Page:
3 Subtle Signs of Truly Exceptional Leadership
In his blog, 'Are You a Great Leader?', Ricky Davison talks about the five characteristics which define remarkable leadership for him.
I absolutely agree that flexibility; vision; communications; motivation and team building capabilities are fundamental to great leadership and would say that mastering an additional three traits take you from amongst the great leaders to the very exclusive club of truly exceptional leaders.
The behaviours below are not always obvious, or measurable, but my observation is that in combination, they differentiate those who are just trying from those who are. In fact, I would go so far as to say that the leaders who most often progress to executive leadership demonstrate at least one of these three behaviours. Conversely, if you are stuck at senior management - unable to break through to the C-suite despite consistently delivering both strategically and operationally - it might be time to measure yourself against these traits.
So what are the 3 subtle signs of truly exceptional leadership?
1. Inclusive: This is the leader who is valuable because they value everyone. This leader actually remembers your name once they have met you. In the café they banter with the barista, at functions they talk to everyone, irrespective of organisational hierarchy. No one is beneath their notice, they literally and figuratively don’t move around ‘cocooned by their inner circle’.
Why is being inclusive so important? It acknowledges, through action, the ‘cliché’ that human capital is the most important asset of any organisation. The act of inclusion implicitly recognises that everyone and anyone makes a valuable contribution. There are few people who are truly inclusive. Don’t believe me? Do you engage with the cleaners at work?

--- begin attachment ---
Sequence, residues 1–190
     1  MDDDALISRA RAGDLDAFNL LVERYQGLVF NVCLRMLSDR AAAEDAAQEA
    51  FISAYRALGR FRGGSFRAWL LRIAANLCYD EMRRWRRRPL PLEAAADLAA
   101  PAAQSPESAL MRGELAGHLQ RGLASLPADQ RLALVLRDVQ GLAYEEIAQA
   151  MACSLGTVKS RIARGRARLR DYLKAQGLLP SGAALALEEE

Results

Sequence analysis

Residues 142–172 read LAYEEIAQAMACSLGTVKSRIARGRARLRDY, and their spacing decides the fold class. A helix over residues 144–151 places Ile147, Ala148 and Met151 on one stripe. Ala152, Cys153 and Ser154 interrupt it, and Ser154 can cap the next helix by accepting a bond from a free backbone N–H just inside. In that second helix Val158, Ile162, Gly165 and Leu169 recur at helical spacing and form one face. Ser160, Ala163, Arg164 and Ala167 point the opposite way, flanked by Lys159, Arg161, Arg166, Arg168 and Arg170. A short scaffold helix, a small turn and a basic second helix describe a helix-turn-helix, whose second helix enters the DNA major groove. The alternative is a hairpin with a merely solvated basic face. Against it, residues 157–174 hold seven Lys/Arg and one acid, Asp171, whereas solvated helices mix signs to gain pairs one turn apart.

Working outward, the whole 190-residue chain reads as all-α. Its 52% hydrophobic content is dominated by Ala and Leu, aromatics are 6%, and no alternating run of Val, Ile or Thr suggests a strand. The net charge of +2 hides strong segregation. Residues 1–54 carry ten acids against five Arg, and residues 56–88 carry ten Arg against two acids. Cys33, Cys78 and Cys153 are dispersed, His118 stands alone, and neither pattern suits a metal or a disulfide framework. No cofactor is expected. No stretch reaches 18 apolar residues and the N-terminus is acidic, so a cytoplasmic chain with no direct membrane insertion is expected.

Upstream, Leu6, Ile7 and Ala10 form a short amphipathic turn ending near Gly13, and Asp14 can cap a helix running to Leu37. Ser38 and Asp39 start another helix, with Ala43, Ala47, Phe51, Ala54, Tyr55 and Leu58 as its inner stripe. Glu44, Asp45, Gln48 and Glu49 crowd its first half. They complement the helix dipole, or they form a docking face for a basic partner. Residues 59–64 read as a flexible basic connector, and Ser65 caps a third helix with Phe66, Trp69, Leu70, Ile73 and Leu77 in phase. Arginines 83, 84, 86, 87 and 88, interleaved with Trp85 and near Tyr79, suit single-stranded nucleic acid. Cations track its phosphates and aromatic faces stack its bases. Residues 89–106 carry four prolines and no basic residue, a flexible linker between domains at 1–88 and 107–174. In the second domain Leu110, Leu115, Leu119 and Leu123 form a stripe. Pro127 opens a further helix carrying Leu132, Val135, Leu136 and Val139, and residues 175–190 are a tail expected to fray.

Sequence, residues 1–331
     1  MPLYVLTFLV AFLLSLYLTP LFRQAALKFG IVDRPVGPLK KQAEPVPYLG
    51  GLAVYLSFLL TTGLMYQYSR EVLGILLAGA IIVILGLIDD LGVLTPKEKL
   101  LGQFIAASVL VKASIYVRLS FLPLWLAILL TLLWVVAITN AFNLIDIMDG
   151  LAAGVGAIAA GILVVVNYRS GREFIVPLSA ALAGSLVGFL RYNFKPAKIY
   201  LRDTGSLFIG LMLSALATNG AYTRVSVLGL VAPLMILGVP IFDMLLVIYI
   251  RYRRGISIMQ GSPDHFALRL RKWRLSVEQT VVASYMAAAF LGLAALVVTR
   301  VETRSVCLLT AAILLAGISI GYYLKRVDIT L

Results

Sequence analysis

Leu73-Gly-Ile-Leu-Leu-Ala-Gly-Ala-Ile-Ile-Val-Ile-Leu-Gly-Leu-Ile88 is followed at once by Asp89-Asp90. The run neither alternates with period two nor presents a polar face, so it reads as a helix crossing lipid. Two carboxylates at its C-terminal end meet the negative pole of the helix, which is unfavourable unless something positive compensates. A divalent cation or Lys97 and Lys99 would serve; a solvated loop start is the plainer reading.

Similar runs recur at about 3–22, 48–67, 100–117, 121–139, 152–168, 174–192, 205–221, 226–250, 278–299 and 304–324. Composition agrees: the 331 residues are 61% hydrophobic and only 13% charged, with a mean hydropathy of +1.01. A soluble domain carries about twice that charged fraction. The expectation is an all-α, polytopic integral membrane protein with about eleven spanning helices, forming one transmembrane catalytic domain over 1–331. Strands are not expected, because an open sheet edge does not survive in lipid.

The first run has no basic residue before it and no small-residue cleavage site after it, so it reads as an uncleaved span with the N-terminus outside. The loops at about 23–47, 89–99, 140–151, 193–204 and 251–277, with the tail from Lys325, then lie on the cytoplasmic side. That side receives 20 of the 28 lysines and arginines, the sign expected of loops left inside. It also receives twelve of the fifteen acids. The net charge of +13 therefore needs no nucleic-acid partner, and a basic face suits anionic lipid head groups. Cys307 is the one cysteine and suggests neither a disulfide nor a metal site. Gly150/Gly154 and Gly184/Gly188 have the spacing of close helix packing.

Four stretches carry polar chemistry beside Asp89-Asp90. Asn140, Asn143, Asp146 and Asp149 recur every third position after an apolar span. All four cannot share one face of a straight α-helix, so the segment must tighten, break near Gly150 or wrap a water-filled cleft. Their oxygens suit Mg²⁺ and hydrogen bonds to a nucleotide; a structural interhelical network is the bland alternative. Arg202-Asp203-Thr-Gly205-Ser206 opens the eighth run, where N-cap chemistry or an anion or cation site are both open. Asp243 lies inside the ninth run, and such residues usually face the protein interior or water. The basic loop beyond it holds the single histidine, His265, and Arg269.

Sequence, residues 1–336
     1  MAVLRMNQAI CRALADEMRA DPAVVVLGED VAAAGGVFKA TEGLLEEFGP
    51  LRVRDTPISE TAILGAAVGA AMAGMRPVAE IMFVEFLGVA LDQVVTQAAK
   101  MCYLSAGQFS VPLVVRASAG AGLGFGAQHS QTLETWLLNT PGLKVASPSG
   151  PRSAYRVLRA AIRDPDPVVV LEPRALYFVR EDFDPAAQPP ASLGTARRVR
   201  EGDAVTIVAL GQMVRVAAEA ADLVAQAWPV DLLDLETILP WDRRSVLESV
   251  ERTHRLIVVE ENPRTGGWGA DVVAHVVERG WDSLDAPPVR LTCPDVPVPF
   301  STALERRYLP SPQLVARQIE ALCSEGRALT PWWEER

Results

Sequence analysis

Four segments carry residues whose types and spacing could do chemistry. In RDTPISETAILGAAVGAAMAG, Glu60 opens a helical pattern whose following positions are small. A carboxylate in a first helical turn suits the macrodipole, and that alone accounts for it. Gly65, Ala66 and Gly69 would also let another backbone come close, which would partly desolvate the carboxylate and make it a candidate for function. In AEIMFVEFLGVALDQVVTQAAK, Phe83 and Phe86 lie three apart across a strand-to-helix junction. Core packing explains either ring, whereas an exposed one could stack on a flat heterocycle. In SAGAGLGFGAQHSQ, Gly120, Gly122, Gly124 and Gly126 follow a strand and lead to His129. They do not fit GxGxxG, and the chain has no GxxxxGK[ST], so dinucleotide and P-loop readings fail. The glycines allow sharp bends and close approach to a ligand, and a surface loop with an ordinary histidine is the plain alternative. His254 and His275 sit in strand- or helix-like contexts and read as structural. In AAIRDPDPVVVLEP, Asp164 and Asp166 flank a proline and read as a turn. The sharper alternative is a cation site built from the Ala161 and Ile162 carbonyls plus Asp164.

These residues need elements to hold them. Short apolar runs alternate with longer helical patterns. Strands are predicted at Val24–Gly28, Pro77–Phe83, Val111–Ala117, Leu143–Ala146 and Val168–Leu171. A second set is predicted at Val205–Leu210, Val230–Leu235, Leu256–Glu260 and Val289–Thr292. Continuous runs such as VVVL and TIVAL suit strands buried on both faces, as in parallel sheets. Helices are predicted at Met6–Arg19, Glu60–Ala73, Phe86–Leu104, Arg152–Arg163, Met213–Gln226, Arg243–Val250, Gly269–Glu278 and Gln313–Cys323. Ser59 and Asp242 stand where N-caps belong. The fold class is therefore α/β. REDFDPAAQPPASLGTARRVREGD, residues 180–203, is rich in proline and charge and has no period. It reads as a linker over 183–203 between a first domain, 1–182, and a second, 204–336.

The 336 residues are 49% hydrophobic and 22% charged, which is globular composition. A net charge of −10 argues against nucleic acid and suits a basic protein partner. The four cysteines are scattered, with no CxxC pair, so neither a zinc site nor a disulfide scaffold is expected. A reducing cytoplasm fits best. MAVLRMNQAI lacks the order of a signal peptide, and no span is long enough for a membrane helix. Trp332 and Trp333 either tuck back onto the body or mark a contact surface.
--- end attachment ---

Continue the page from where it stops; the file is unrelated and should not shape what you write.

2. Back their team: In the first six months of this leader’s tenure they assessed their team, cleaned out the ones with the wrong fit, hired smartly and has been backing each and every direct report ever since. By backing, I mean they actively and publicly promote individual achievements, always give their team more than due credit in senior forums (yes, the important word here is more) and allows reasonable mistakes to be made without recrimination.
This trait is important because it empowers innovation, acknowledges good work and makes people feel good. All of which build and maintain genuine mutual trust. Trust, as you know, is the vital ingredient that engenders discretionary effort and organisational loyalty. Real trust is so very rare these days in the corporate world, a truly exceptional leader is one who can form trusting relationships.
3. Plan succession: No one is indispensable. Everyone knows that logically, but hardly anyone is prepared to put themselves on the line. This rare leader however, actively finds their own replacement, whether by nurturing internal talent, or by ‘courting’ external talent. They do so because they are gutsy, confident and have humility.
They are humble enough to accept they are replaceable, but clever enough to leverage that fact; by taking part in orchestrating Plan B, they subtly demonstrate to the organisation that they are considered and confident. Confident in their own ability to move up. By planning their succession, they are subtly saying, ‘I have delivered, I have found someone else who can deliver the same, so I am ready for the next step.’ This sounds simple in theory, but the truth is there aren’t many who are courageous enough to replace themselves. Everyone loves measured confidence and this leader manifests confidence in their environment.
Now ask yourself, do you demonstrate the three behaviours of a truly exceptional leader?
Gareth Jones is a co-founder and Executive Director at Evolve Intelligence.